2019 Reading Round-Up

It’s the beginning of 2020, so that means it time to look back at the best, the worst and the sometimes weird of my 2019 reading. I always enjoy looking back and invariably discovering I read more really good books than I think.  January books seem very, very long ago, and I like the reminder.

1) Best of…
I’ve been splitting my “Best of” books for the past several years, so that I can highlight the ones that were best in very specific ways.

1A) Best Premise: Every Day by David Levithan – I was so intrigued by the concept of a lead character who enters a new body every day, and I really enjoyed how it was explored in this first book.  The rest of the trilogy was more mixed, but I still found that premise so fascinating.

1B) Best World Building: Jane of Lantern Hill by L. M. Montgomery – It might be odd to give this one to a book that isn’t sci fi or fantasy; it’s also the only re-read on the list, but I just loved the way Montgomery described the world of Lantern Hill and the people there.

1C) Best Romance: I Love You So Mochi by Sarah Kuhn – This was an adorable, delightful romance with a young adult couple who used words and were honest about their feelings.  Also, I never particularly liked mochi, the Japanese dessert, until I read this book and she made it sound so good!

1D) Best Hero(ines): Heroine Complex and Heroine Worship by Sarah Kuhn – Sarah Kuhn is clearly my new star author, because I also thoroughly enjoyed her superheroine series.  Besides Evie and Aveda as awesome lead characters, they’re surrounded by a whole lot of other cool women doing interesting things.  I loved that.

1E) Best Series: NPCs by Drew Hayes – This D&D-inspired series was awesome, and might have taken best premise.  Non-player characters in a role-playing game world have to take on the mantle of adventurers.  The first book is funny, while the others settle into more serious adventuring, with very cool interplay between the game world and the “real” world.

1F) Best Nonfiction: Learned Optimism by Martin Seligman – I like a good psychology book and this was fascinating.  This was probably the book I talked about most to other people this year, and I still apply its wisdom sometimes in analyzing whether a thought or a conversation is optimistic or pessimistic.

1G) Best Audiobook: Heartburn by Nora Ephron, read by Meryl Streep – This was a kind of anti-romance, the story of a relationship falling apart, but it was witty and clever and of course Meryl Streep read it wonderfully.  I don’t recommend the movie, which was far more depressing, though if you hang in until the end you get to watch Meryl Streep hit Jack Nicholson in the face with a pie.

2) Worst Book: What Was I Thinking? 58 Bad Boyfriend Stories edited by Barbara Davilman and Liz Dubelman – I guess the question is, what was I thinking with this book?  Mostly that I read a very good advice column blog and find stories of troubled relationships interesting there, and hoped this book would be either insightful or, depending on how they took it, funny.  It turned out to be far less insightful without a brilliant blogger to unpack things and give advice, and the cumulative effect was more depressing than entertaining.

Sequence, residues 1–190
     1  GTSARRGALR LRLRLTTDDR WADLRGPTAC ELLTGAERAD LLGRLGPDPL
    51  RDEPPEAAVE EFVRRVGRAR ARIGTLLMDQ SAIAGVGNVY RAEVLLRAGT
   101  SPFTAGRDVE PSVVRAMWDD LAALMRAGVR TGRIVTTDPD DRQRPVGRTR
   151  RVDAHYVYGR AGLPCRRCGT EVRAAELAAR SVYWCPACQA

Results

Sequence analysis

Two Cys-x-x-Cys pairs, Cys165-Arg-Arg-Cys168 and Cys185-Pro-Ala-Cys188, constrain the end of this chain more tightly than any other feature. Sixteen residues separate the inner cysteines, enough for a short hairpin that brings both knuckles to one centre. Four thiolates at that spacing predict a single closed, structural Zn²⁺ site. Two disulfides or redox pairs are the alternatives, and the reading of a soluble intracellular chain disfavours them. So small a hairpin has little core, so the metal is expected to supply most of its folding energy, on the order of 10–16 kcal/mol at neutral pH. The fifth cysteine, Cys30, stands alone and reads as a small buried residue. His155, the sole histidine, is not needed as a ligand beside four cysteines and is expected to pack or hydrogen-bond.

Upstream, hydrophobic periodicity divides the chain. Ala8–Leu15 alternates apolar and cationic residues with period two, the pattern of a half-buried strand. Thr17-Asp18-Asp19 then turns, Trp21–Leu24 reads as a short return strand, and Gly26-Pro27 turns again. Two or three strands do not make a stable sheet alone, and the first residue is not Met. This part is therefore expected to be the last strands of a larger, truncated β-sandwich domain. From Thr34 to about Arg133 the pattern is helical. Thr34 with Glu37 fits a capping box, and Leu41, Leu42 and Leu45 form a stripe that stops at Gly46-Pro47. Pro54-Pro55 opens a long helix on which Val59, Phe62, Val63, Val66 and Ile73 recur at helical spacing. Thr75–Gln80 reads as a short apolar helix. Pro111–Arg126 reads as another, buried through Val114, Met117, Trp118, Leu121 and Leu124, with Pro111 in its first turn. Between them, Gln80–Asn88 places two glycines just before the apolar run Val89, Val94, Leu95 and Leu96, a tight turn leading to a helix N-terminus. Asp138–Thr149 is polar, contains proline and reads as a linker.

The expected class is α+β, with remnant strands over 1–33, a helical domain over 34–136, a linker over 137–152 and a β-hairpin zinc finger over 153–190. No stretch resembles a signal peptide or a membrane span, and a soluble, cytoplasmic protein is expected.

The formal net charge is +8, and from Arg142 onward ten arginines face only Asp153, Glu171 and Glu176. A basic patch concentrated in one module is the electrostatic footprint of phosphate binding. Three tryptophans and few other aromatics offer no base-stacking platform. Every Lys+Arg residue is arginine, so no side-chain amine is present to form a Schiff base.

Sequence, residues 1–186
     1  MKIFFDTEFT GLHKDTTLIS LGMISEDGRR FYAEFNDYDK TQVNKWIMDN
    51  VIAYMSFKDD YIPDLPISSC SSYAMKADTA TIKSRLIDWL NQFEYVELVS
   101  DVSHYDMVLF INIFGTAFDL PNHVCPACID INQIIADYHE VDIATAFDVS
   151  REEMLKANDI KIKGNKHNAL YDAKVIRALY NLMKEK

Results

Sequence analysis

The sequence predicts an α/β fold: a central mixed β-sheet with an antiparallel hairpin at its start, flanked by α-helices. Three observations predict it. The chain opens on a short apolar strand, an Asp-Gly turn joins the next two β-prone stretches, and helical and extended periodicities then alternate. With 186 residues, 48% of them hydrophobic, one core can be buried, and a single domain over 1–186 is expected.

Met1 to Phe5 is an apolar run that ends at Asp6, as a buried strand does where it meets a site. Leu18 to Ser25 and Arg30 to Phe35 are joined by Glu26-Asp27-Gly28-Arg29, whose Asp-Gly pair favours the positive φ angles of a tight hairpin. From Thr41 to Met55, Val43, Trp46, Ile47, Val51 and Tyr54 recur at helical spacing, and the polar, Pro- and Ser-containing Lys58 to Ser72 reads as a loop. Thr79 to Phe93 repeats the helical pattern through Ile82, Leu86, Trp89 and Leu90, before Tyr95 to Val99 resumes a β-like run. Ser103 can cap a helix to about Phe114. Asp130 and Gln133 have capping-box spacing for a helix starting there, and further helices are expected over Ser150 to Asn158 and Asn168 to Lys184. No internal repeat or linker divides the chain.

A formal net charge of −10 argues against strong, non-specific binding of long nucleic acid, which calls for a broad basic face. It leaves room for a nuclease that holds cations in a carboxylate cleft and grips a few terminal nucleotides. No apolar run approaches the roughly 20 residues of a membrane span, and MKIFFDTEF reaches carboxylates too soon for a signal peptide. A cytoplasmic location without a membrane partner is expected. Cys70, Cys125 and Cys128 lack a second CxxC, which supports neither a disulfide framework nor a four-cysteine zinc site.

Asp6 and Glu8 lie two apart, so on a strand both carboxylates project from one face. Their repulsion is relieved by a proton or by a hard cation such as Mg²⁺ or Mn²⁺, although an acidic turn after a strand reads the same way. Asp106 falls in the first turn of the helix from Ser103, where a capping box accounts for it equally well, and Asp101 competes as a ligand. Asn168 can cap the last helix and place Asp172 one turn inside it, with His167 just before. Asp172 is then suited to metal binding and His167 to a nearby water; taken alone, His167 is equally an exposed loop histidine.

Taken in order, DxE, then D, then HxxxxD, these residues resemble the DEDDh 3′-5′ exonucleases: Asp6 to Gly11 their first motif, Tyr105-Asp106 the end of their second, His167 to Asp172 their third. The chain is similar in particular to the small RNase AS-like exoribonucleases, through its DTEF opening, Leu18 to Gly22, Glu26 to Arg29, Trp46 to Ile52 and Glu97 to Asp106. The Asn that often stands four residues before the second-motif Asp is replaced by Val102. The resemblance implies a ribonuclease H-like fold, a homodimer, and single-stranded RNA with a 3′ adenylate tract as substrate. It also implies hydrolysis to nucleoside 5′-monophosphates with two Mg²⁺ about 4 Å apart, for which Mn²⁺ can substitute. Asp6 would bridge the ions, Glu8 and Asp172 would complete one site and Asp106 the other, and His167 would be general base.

3) Most Disappointing: The Coincidence-Makers by Yoav Blum – This started so well, and was so good about 80% of the way through, a story of slightly magical coincidence-makers who orchestrate apparent chance to bring couples together or inspire great art or otherwise alter the world.  Then there was a twist that made it all rather sad, some totally unnecessary trauma was thrown in for the heroine in a super creepy way, and the ending was…well, having both characters die and reincarnate to meet again and finally get together was not a very satisfying romantic ending.  At least for me!

4) Most Surprising (in a Good Way): The Sherlockian by Graham Moore – I somehow stumbled on this book while searching for something completely different in the library database, and then I really enjoyed it.  It also sent me off to read a biography of Arthur Conan Doyle and watch a miniseries about his life, and I recommended the book to my mom, who recommended it to her book club and I believe they’re reading it this month.  All from accidental stumbling in the library system!

5) Can’t Believe I Waited Until 2019 To Read It: I don’t seem to have a candidate for this category this year…but I’m eyeing my backlist, so I’ll probably have something next year!

6) Most Hilarious Read: The Inimitable Jeeves by P.G. Wodehouse and Pyramids by Terry Pratchett – I’m giving this a tie, between a particularly funny Wodehouse and a slightly less funny than usual Pratchett.  Which is, of course, a compliment to Pratchett, that his not quite so funny books are still very funny.

7) Most Satisfying Read: London by Edward Rutherford – This was an absolute behemoth of a book, 1,000 pages and covering almost 2,000 years.  London is my favorite city and I loved this exploration into its history through the people living there.  The Amazon page calls it a “breathtaking tour de force” and that about says it.  It was an undertaking to read, but immensely satisfying too.

I think that rounds things up!  So what have you been reading?  What were some of your best and worst of 2019?

2 thoughts on “2019 Reading Round-Up

  1. I like how detail oriented you are to divide your reading into these categories. Did you finish reading your worst and most disappointing books, or abandon them? I’m doing more of that when I get about a quarter through a book and it’s just not connecting with me. It doesn’t happen that often, but I feel like my “To Be Read” list is so long that I don’t need to waste my time on a book that is not “speaking” to me.

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